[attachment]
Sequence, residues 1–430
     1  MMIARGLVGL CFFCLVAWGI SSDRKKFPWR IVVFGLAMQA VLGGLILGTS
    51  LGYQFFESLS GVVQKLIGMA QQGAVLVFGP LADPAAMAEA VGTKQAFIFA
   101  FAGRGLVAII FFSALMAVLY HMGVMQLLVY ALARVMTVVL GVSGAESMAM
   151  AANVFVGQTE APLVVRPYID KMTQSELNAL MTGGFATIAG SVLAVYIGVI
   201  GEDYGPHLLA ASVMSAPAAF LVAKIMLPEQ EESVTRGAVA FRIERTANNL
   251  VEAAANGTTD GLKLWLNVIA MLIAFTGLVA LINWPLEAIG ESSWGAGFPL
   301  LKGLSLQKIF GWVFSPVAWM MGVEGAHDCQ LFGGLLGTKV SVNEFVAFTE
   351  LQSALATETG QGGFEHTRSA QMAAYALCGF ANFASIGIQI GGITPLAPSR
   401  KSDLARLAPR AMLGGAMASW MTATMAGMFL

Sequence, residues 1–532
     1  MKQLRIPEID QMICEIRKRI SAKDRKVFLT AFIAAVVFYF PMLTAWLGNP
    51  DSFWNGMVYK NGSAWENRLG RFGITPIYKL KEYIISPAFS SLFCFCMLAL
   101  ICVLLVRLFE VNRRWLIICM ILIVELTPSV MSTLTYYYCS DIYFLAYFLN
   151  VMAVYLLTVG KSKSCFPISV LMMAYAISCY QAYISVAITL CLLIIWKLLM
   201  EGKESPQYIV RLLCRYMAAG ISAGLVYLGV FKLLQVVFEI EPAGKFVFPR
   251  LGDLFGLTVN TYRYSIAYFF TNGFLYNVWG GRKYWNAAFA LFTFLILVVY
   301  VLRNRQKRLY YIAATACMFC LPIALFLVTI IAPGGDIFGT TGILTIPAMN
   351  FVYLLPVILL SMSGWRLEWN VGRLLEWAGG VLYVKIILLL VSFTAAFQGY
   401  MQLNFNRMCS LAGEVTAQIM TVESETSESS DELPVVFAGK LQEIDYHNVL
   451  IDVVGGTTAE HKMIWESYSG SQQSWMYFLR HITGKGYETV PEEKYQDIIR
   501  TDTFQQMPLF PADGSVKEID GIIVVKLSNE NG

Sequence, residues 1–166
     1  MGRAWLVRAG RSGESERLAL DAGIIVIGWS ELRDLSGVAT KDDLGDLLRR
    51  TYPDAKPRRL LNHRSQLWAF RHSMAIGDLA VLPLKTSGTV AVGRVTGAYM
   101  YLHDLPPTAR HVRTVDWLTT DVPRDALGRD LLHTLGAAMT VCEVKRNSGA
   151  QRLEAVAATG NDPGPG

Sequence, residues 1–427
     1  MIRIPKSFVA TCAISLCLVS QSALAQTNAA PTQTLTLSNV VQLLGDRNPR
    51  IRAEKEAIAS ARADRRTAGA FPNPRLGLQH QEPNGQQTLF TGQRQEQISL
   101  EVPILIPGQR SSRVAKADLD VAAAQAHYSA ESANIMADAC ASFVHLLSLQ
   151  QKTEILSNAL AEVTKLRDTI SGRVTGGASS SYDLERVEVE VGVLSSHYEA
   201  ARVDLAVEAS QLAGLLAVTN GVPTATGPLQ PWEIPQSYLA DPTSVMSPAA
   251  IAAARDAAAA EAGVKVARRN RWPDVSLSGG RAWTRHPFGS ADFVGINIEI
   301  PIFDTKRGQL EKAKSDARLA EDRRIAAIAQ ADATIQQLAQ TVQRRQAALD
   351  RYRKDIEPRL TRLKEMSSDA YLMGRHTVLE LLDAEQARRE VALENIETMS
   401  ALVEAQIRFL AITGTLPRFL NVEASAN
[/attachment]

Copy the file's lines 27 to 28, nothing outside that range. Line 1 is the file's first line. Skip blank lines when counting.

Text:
   151  QRLEAVAATG NDPGPG

Sequence, residues 1–427